Walking in the Cotswolds

With a great network of footpaths, beautiful scenery and pretty villages, this corner of England is supremely well-suited to exploration on foot.

The Cotswolds are the epitome of Blake’s ‘England’s Green and Pleasant Land’, place with a charm all of its own which is ideally explored on foot. Local tour guide Anne Martis describes the appeal.

The rolling hills afford wide views over a patchwork of green pastures bounded by old hedgerows and dry stone walls. Ancient churches, picture-perfect cottages and traditional village pubs sit in small towns and villages built from the distinctive, local, honey-coloured limestone.

One to one-and-a-half hours from Birmingham, Bristol and London, the region is easily accessible by public transport for walking holidays and short breaks. There’s a good network of public footpaths and long distance walking routes. The walking grade is easy to moderate with some strenuous sections along the Cotswold Way National Trail and in the southwest of the region.

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The second-largest protected landscape in England, the Cotswolds extend from Warwickshire and Worcestershire in the north, through Gloucestershire and Oxfordshire to Bath and Wiltshire in the south.

Topographically, the area consists of a steep escarpment in the west, known as the Cotswold Edge, which drops down to the Severn and Warwickshire Avon valleys, and a dip slope to the east that falls gradually for around 40 miles towards Oxford. The highest point is Cleeve Hill at 330 metres (1,083 feet).

The area can nominally be divided into five sub-regions; the Cotswold Edge, the North Cotswolds, the Southwest Cotswolds, the Thames Valley and the Oxfordshire Cotswolds.

The Cotswold Edge

The Cotswold Edge runs southwest from Chipping Campden to Bath. The main walking in the area is along all or part of The Cotswold Way National Walking Trail that runs along the Edge for over 100 miles. The trail attracts some 150,000 walkers every year but rarely seems busy. Walking is moderate to strenuous, because the route ascends and descends the escarpment along its length: views to the west across the to the Malvern Hills and South Wales are magnificent. There are also many circular walks taking in the valleys along the Edge.
The Tyndale Monument
Some of the top attractions include Broadway Tower, the Devil's Chimney and the Tyndale Monument; the Iron Age Fort at Crickley Hill, one of a string of forts along the Edge; Stanway House and Sudeley Castle, historic manor houses dating from Tudor times; and the ruins of Hailes Abbey, destroyed in 1539 during the Dissolution of the Monasteries.

North Cotswolds

The North Cotswolds lie between the Cotswold Edge and the towns of Moreton-in-Marsh and Bourton-on-the-Water, where the high wold gives way to a gentle dip slope cut by the shallow valleys of the rivers Windrush, Eye and Dikler that are tributaries of the Thames. This area offers easy to moderate grade walking along the network of footpaths that pass through the rolling countryside. Long-distance trails traversing the area include the Cross Cotswold Pathway, Diamond Way, Donnington Way, Gloucestershire Way, Heart of England Way, Monarch’s Way and Winchcombe Way.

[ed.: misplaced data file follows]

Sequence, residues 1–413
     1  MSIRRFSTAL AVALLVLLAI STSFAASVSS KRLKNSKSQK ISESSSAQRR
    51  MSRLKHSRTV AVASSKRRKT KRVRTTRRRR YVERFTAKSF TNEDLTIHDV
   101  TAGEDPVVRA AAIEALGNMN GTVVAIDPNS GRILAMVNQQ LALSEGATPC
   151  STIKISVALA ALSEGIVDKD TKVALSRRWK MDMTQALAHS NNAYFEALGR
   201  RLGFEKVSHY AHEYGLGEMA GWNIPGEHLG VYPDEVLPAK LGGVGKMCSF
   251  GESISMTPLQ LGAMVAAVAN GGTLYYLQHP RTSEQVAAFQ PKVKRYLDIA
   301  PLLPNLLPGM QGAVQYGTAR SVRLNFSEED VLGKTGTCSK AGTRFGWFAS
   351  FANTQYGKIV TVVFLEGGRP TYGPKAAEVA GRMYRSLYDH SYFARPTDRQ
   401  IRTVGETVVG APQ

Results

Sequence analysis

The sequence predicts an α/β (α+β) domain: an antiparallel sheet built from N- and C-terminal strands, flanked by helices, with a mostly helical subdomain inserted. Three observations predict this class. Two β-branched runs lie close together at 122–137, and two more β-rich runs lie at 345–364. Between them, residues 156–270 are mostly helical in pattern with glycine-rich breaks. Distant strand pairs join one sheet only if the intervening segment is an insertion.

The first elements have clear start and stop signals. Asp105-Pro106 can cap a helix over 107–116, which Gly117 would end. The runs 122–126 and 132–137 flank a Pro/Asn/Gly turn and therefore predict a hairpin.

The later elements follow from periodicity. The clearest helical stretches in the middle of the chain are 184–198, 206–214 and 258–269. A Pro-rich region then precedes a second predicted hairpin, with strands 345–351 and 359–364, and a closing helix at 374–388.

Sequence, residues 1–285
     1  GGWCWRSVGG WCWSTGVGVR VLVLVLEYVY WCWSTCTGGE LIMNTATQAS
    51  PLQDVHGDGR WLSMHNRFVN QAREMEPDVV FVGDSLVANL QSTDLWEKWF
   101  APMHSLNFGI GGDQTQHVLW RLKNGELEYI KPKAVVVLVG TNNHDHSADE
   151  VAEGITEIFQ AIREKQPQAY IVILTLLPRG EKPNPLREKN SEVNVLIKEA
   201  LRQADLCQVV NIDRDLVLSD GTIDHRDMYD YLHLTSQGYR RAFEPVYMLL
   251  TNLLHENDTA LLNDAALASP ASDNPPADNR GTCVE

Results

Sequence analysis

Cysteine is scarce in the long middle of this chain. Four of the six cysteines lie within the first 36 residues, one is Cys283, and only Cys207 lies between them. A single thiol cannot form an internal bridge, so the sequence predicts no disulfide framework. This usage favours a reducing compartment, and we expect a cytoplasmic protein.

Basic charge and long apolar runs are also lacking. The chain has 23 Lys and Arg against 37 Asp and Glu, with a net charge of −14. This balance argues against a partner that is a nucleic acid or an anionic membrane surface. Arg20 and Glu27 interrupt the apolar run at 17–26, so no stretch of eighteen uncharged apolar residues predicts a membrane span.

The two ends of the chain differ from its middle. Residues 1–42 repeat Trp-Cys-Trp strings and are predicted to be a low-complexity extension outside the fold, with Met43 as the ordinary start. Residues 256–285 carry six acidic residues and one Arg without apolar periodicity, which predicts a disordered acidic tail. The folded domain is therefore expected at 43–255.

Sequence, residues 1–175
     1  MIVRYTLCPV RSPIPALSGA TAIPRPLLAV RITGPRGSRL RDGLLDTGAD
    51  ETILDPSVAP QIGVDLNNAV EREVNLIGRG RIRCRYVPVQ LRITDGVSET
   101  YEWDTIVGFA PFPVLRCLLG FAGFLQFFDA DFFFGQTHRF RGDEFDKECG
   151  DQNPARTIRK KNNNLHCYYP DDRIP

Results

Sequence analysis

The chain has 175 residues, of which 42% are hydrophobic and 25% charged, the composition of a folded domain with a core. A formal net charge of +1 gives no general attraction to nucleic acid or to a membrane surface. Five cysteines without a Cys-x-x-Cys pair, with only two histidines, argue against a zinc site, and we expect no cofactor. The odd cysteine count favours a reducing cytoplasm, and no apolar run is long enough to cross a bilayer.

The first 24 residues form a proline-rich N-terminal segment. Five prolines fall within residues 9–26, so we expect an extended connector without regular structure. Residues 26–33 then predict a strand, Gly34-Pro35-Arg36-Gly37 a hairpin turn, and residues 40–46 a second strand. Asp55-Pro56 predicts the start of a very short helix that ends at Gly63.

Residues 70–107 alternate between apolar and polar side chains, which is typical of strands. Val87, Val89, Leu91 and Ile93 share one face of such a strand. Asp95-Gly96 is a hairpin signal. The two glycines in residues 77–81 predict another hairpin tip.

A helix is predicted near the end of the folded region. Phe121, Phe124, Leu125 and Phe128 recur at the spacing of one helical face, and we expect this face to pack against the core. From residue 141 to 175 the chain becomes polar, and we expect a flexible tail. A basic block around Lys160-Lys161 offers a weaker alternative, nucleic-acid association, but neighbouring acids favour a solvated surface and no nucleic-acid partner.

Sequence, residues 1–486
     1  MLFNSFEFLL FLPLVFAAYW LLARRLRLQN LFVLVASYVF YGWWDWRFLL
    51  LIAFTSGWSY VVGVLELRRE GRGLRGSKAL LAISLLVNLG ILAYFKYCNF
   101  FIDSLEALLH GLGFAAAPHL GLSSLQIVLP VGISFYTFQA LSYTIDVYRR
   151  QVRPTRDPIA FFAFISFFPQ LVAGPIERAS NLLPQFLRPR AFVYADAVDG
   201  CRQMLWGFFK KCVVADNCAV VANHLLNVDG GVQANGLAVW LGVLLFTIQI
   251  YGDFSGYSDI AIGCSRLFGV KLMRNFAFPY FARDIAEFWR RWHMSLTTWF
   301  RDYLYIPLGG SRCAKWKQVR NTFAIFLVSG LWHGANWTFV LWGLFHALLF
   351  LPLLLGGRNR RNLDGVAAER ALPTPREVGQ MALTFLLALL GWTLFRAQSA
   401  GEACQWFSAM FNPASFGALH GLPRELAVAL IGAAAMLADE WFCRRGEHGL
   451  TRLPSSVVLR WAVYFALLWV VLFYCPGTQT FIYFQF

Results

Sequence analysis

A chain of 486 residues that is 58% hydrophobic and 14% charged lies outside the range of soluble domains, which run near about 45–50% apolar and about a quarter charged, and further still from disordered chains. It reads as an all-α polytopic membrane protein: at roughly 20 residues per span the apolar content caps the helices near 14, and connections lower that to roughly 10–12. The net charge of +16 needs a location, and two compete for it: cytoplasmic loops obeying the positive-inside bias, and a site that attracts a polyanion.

Many of the villages also have summer fetes and festivals that are a delight to encounter along the trail.

Here, many of the famous Cotswold towns have double-barrelled descriptive names; Moreton-in-Marsh, Stow-on-the-Wold and Bourton-on-the-Water. Villages have equally intriguing names, such as the Slaughters, the Swells and Ford.
The Wool Church at Chipping Campden
Places to see include Batsford Arboretum, 55 acres of parkland sheltering over 1500 species of tree; Sezincote House and Gardens; and Chedworth Roman Villa, the site of one of the largest Roman villas in the country with several fine mosaics. Also the Wool Church at Northleach (see top attractions, below).

Southwest Cotswolds

This narrow area of upland around the town of Stroud is cut by several steep-sided wooded valleys, and walking here is rather more strenuous than in other parts of the Cotswolds. The Cotswold Way, the Cotswold Round and the Cross Cotswold Pathway pass through the area.

It was the fast-running streams in the steep valleys that powered water mills, turning Stroud into the centre of the local cloth industry, being particularly famous for the production of military uniforms in the colour Stroudwater Scarlet. Today the few remaining working mills produce high-quality felt for tennis balls and snooker tables.

More recently, the area has become a thriving centre for organic food movement and alternative lifestyles with thriving communities of artists living in the valleys and in villages such as Minchinhampton, Nailsworth, Sheepscombe and Slad.

It was in Slad that author Laurie Lee was brought up in the years after World War I. He wrote his novel Cider with Rosie gives a vivid description of life in the village at the time.
Attractions in the area include Rodmarton Manor built by craftsmen in the Arts and Crafts style, and Woodchester Mansion, a partly built – and rather spooky – Victorian country house that was abandoned by its builders before completion.

Upper Thames Valley

The Upper Thames Valley lies in the southwest of the region, around the towns of Cirencester, Tetbury, Malmesbury, Cricklade and Lechlade. Walking along the network of footpaths is easy as the area is fairly flat. The Thames Path National Trail starts at the source of the River Thames near Kemble, Cirencester, and makes its way east for 296 km (184 miles) to the Thames Barrier, east of London. The Monarch’s Way, Macmillan Way and Cross Cotswold Pathway also pass through the area.